Now we must pick up the pieces of our broken system

21 Aug 2020, 8:19

The results are in but the work of ensuring students rebuild their confidence has only just begun, writes Liz Bromley

This week, teacher assessments plus adjustments by the qualifications regulator have caused GCSE grade inflation by some 20 per cent between grades 6 to 9, with more than 25 per cent more students receiving grades 7 to 9. Students are delighted (or dismayed) as ever, whilst admissions teams are wondering how to deal with the unanticipated rise in the number of students expecting entry to Year 12, how to make entry criteria fair, reasonable and legally robust, and what social distancing looks like in this new context.

For those who are admitted, enrolling them onto the right A levels, particularly for STEM subjects, is critical. Unexpected admissions achieved through inflated grades will be pyrrhic victories; being given a choice of which grade (teachers or Ofqual) to accept damages not only the credibility of the assessment boards but also the sense of achievement in this time of non-examination. The joy of results day has been reduced to confusion and panic as students question the latest changes; the Pearson about-turn on BTECs at the eleventh hour has not helped.

Young people will be unable to use their GCSE grades as anything more than stepping stones

Academic teams are now having to focus on what in-session support will be needed by students who may have grades on paper but lack the learning and confidence needed. It is imperative that we deliver significantly enhanced, embedded learning opportunities within subject curriculum to enable students, already victim to this devastated academic year, to be successful in two years’ time.

Maybe this will improve teaching practice for future years, but the planning comes late in the day and at a time when the A level results aftermath continues with complaints of malpractice, and FOI and SAR requests flooding schools and colleges. The anger that had been directed towards Government has been deflected onto the sector at exactly the time when all our time and energy is needed to get students into the right place and frame of mind for September.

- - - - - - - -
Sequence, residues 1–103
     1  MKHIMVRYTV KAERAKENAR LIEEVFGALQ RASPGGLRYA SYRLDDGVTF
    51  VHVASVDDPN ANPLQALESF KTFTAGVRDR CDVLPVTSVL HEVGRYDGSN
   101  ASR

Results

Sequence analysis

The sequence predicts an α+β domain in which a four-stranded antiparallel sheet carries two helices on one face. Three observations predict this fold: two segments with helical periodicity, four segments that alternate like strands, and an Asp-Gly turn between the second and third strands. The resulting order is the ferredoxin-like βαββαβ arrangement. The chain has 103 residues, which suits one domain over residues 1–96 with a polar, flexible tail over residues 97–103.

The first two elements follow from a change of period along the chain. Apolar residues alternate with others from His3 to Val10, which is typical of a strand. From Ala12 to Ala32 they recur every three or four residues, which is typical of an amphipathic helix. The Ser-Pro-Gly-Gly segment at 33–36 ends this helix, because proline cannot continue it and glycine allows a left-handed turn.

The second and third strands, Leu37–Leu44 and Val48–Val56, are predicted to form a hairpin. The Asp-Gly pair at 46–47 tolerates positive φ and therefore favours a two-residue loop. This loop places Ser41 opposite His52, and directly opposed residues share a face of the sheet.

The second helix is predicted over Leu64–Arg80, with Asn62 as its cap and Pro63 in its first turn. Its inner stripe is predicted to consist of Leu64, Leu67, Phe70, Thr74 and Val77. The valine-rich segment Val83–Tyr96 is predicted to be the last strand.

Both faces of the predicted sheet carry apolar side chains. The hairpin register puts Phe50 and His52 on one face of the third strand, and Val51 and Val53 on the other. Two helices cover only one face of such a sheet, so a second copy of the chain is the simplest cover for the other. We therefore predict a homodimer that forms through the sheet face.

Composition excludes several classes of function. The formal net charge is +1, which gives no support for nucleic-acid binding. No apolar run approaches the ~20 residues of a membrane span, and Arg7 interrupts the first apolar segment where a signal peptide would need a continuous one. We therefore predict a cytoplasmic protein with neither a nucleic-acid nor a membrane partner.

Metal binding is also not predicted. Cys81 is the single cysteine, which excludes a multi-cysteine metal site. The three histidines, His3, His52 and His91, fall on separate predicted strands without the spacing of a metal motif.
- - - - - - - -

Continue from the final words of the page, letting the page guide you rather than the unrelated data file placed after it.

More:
Building greater flexibility into the system to move students onto the right courses if their first choices don’t work out will be key to retaining and rebooting student confidence in their own ability and in the education system. Some students will have a chance to become the person that their grades describe, but educators will be crucial in realising that opportunity with them.

When the pressure of this moment has abated, questions must be asked about the variable practice across schools and colleges in relation to CAGs, and how this has contributed not only to grade inflation, but also to an unfair pattern of results for schools which were cautious and conservative in their calculations. We must accept that this is the year when young people will be unable to use their GCSE grades as anything more than stepping stones – and we must do better.

Why, when it was clear in July that the Ofqual algorithm for A levels was only 75 per cent accurate, did we get to within hours of results day before really engaging with the options open for fair outcomes? Critical discussion with teachers – at the heart of the brewing issues – didn’t happen, and understanding the consequences of getting this wrong came far too late. The opportunity was missed to use this aberrant year for the whole jigsaw of education to be pieced together more creatively for student outcomes. The inevitable educational chaos requires us to start working right now to ensure next year’s year 13 students don’t suffer a similar experience.

We work in learning organisations. We have mission statements about changing lives, empowering learners, releasing potential. We must learn from the unintended consequences of the pandemic to organise ourselves now to respond better this time next year. Let us remember our core purpose and put our energies into ensuring that young people have the support they will need to get maximum benefit from studies now open to them, and never again create this year’s perfect storm.

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